New Yorkers will be able to buy legal cannabis in 2023 if all continues according to plan with the MRTA rollout, but who will they be buying from? What will the product be like? What will the establishments be like? Will New York get its social equity component right where other states have failed?These questions linger as the wait continues and the anticipation builds. Plans are being made and hopes are being lifted. Six dreamers have their eye on different niches in the emerging industry.
Saugerties MicrobusinessSaugerties residents Kandy Harris and Kristine Gentile-Smith have been making and selling high-end edibles in New York since the beginning of the pandemic. They say that the demand for the products is high, but there are obvious limitations because of the nature of their business. “We’ve mostly had to promote ourselves by word-of-mouth, given the obvious restrictions on how much we can say on social media about exactly what we’re offering,” says Harris.
Harris and Gentile-Smith recently began growing their own cannabis for their products. “We got serious about wanting to provide products that we knew 100 percent where it came from, how it was grown, and what was used to grow it,” says Harris. “We’re very proud to offer that to our customers.”
The pair plan on applying for a microbusiness license, which will allow them to engage in cultivation, processing, distribution, delivery, and sale of their own cannabis and cannabis products. The microbusiness license was created with the expectation that they would be granted in a manner that promotes social and economic equity applicants.
When 2023 finally comes around, the duo sees a number of possibilities. “We would love to be able to partner with dispensaries in the future, for sure, but more importantly, once dispensaries are open, we would hope that means we can promote ourselves a little more robustly, and we can start broadening into catering events or partnering with caterers who want to use our products.” Another benefit of the duo going legal is that they would benefit from the MRTA’s social equity provisions. “We plan to apply for grants and assistance in any way we can since this is a women-owned small business,” Harris says.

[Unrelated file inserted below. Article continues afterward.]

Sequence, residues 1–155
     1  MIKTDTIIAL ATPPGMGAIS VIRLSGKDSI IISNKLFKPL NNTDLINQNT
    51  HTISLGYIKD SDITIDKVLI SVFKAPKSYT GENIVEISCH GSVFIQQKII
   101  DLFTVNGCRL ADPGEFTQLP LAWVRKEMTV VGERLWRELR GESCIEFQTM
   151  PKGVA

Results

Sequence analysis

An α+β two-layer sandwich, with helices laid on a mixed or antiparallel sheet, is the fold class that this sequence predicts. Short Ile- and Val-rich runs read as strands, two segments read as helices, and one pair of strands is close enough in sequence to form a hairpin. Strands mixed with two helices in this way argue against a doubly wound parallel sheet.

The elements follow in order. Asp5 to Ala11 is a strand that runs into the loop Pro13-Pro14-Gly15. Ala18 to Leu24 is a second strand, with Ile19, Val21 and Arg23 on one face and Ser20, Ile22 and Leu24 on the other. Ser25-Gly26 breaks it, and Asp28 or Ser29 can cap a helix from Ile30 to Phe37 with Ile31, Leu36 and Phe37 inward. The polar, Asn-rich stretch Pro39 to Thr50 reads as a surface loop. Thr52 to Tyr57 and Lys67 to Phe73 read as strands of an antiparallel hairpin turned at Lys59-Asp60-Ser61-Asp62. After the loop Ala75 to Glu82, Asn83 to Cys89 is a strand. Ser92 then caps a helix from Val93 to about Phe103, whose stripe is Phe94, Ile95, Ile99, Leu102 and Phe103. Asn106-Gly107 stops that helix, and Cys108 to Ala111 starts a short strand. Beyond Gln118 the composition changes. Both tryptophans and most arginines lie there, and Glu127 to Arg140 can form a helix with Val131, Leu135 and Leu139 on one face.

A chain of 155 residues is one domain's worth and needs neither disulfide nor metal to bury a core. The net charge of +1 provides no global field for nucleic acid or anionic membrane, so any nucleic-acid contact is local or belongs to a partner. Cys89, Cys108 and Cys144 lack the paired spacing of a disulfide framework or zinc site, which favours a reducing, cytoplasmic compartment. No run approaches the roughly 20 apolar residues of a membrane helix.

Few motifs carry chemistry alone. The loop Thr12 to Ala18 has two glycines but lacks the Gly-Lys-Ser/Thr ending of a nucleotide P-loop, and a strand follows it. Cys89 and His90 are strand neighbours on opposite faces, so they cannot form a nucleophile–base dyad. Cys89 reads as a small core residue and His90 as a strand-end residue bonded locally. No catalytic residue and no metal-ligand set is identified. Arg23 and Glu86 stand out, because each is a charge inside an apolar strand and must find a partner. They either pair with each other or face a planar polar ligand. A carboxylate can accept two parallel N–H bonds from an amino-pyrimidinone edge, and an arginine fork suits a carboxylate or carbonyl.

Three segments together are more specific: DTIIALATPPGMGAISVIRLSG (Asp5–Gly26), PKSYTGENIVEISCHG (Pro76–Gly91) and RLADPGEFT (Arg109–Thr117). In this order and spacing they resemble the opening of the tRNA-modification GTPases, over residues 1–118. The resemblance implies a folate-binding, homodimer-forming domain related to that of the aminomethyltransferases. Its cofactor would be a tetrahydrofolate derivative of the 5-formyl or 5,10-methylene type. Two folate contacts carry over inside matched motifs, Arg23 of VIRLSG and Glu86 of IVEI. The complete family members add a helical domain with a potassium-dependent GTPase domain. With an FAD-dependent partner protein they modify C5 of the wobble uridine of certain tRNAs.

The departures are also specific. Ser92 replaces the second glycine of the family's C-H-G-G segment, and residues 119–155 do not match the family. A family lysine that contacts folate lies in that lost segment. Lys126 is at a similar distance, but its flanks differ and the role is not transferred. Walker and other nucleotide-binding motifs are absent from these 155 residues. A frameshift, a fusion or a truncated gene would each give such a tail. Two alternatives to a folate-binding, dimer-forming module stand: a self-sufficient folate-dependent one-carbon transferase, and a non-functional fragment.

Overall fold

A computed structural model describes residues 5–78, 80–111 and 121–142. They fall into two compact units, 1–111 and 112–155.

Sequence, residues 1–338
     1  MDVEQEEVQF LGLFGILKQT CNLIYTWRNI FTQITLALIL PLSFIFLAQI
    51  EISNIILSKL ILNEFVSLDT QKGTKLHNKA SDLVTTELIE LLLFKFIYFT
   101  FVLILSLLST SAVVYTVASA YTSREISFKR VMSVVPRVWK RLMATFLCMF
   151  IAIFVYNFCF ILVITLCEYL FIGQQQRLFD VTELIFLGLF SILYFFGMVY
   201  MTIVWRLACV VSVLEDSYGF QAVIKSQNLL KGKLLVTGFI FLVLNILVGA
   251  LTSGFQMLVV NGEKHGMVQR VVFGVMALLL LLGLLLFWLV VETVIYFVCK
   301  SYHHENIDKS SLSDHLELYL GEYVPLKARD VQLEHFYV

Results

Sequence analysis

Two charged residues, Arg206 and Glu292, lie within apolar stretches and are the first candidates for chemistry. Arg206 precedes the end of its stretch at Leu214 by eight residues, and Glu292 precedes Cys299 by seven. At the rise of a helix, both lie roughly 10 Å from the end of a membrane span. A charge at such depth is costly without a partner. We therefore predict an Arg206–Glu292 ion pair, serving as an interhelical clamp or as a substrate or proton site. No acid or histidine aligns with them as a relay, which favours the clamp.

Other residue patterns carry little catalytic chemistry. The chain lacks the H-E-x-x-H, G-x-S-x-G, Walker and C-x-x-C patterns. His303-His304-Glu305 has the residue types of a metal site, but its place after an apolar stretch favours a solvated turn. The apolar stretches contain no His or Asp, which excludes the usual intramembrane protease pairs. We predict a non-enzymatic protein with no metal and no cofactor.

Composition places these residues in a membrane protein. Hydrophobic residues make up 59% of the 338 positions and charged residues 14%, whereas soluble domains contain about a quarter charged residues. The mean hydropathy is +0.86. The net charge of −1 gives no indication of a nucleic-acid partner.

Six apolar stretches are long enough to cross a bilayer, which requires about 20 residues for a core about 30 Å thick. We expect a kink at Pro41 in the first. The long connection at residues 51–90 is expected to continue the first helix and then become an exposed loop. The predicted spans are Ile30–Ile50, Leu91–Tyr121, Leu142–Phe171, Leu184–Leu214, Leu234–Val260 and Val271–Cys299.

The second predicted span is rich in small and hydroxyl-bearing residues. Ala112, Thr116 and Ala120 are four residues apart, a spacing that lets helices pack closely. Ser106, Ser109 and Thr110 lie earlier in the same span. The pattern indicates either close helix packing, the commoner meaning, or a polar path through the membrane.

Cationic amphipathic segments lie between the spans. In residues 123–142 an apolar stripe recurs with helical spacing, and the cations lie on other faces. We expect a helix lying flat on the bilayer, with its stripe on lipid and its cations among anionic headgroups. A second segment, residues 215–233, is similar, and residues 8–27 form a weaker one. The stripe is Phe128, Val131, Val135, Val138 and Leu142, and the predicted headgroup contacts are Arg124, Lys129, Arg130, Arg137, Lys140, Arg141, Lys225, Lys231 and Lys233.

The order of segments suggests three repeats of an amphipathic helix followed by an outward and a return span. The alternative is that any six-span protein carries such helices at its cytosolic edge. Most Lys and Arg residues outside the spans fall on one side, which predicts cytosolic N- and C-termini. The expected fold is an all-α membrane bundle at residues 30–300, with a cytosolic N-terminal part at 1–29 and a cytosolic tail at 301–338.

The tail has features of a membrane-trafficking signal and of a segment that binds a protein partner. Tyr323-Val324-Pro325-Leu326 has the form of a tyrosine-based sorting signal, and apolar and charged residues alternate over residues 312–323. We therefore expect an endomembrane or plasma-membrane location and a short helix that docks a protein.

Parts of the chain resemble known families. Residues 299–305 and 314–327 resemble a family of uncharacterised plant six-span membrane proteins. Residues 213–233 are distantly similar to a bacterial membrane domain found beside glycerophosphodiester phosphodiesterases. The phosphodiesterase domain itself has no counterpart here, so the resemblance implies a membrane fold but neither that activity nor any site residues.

Kingston Consumption Lounge“Studio” Stu Chernoff is a professional musician and is, like Harris and Gentile-Smith, a legacy market operator. When New York’s legal cannabis market launches, Chernoff plans on opening up an Amsterdam-style coffeeshop/consumption lounge in Kingston. “When you come into our space, you come up to the cannabis bar, someone is going to take care of you, you’re going to buy your weed and take a seat, and then a server is going to come by and take an order for a cappuccino, soda, or light sandwich.” The concept is wildly successful in Amsterdam, where Chernoff got the idea when he visited in the mid ‘70s.
Much like cannabis catering, a cannabis consumption lounge might not be what you think of when you think of legal cannabis. For Chernoff, however, it’s very simple. “Having dispensaries without lounges is like having liquor stores with no bars,” he says. “For me, it’s all about the socialization,” says Chernoff. “Weed is all about socialization.”
Chernoff plans to take an artisanal approach with his business, favoring businesses likeHarris and Gentile-Smith’s over big cannabis companies, which, he says, are “just like big tobacco.” “We don’t want to do it where we have prepackaged eighths and prepackaged products. We want to buy from local farmers and have all the strains behind us like the bottles in a bar.”